What are the differences between the various forms of creatine available in market such as creatine monohydrate, creatine liquid, creatine ethl-ester and creatine micronized?


What is Creatine?

Creatine has become one of the most popular dietary supplements in the sports nutrition market. It is a naturally occurring nitrogenous compound synthesized from the amino acids Glycine, Arginine, and Methionine and is present in relatively large quantities in most animal fleshes such as fish and red meat.


Different forms of Creatine

Creatine Monohydrate Creatine Liquid Creatine Ethyl-ester Creatine Micronized
  • Highest form of Creatine content among these different forms.
  • Content of Creatine may be far lower than Creatine in its powdered form.
  • Creatine Ethyl-ester works by binding Creatine with a fat soluble ethanol ester.
  • Micronized Creatine monohydrate – regular Creatine monohydrate powder that has been micronized (the process of grinding powder to ultra-fine form).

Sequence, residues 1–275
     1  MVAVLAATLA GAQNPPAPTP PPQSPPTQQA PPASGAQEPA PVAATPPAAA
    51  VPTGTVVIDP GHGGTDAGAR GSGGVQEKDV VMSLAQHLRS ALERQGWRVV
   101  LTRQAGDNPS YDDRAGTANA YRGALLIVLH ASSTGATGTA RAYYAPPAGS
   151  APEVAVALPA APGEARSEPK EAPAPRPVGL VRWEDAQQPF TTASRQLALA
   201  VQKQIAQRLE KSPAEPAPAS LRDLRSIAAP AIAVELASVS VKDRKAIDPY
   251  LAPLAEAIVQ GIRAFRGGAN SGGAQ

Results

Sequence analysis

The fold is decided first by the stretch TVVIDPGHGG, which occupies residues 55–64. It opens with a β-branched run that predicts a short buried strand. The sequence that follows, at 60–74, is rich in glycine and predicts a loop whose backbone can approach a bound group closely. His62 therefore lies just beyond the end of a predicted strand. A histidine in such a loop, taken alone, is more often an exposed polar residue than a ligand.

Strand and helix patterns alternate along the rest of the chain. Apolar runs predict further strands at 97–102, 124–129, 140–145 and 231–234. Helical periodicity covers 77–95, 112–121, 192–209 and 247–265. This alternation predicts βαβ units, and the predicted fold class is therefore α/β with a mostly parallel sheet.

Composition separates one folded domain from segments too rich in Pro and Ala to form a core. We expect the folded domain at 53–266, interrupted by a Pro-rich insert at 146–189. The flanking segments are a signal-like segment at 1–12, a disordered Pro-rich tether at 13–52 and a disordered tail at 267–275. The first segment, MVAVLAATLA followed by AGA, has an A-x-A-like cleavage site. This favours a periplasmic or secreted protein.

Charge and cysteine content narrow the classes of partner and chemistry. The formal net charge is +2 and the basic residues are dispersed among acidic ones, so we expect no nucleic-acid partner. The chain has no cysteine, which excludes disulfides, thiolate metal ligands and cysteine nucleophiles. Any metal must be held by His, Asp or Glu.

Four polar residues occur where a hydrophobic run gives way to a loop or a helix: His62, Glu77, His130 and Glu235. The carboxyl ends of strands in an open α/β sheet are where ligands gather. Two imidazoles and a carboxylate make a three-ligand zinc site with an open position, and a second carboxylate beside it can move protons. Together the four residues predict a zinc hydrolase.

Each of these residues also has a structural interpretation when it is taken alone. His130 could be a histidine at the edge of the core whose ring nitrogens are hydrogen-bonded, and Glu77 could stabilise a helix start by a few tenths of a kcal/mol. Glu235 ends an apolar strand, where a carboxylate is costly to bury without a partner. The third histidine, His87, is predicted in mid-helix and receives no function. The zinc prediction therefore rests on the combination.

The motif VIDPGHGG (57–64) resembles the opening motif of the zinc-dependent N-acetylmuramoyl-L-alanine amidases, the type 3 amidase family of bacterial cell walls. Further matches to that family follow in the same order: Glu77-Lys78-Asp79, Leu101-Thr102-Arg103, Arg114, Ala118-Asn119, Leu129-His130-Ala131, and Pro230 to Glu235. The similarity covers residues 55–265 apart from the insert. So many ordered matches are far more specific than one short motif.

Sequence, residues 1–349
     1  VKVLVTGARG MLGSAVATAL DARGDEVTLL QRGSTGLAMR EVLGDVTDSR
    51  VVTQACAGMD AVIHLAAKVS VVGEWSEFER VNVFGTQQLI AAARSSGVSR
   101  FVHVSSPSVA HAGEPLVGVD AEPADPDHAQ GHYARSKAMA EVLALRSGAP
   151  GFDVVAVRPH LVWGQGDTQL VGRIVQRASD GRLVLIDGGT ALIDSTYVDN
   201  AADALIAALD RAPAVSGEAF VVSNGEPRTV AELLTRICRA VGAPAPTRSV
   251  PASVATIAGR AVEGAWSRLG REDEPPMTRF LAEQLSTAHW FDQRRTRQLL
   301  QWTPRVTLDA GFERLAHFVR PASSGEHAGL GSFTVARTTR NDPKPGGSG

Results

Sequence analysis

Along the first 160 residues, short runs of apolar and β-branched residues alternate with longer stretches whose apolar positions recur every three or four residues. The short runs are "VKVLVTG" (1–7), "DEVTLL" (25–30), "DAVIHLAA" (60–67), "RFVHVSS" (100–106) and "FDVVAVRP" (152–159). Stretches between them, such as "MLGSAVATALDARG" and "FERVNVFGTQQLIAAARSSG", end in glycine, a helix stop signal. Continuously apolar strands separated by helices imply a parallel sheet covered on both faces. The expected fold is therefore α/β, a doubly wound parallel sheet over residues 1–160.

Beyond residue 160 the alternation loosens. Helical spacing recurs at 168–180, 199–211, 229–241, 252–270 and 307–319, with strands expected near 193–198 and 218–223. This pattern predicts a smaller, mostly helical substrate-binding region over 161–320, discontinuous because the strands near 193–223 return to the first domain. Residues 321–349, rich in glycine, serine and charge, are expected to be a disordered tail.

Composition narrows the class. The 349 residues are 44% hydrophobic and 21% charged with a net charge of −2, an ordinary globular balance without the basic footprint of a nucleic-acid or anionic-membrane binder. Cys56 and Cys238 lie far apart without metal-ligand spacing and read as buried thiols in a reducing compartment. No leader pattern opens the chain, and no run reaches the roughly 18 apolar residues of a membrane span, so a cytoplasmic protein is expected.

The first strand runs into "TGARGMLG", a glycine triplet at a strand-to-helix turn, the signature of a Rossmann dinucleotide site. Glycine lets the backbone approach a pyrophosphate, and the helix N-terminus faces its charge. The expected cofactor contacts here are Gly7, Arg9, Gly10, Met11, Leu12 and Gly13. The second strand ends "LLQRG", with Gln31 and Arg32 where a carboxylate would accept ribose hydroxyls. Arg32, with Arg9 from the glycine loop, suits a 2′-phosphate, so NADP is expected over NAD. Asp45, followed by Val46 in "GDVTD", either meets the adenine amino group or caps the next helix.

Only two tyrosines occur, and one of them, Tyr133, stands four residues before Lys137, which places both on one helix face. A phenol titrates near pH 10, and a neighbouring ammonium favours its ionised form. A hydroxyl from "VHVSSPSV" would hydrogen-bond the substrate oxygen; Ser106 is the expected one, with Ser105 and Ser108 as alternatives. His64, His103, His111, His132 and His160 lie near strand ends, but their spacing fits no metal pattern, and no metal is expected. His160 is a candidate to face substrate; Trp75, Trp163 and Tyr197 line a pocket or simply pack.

• Very stable in powder form even at elevated temperature.
  • Not very stable in solution (liquid) form and tends to degrades to its inactive form (Creatine) more easily.
  • Less stable than Creatine Monohydrate due to addition of ethyl group to Creatine actually reduced acid stability and accelerated its breakdown to Creatinine.
  • Less stable compared to Creatine Monohydrate
  • Stable in powder and dissolve faster and more completely compared to Creatine Monohydrate due to smaller particle sizes.
  • Lower price and widely used.
  • Most extensively studied and clinically effective form of Creatine.
  • More convenient to use.
  • With improved aqueous solubility and more pH stable.
  • Dissolves faster and more completely due to smaller particle sizes.

(Acton, 2013; Jager et al., 2011).



Acton, Q. A. (2013). Phosphoamino Acids – Advances in Research and Application. Atlanta, Georgia: Scholarly Editions.

Jager, R., Purpura, M., Shao, A., Inoue, T. & Kreider, R. B. (2011). Analysis of the efficacy, safety, and regulatory status of novel forms of creatine. Amino Acids, 40(5), 1369-1383.

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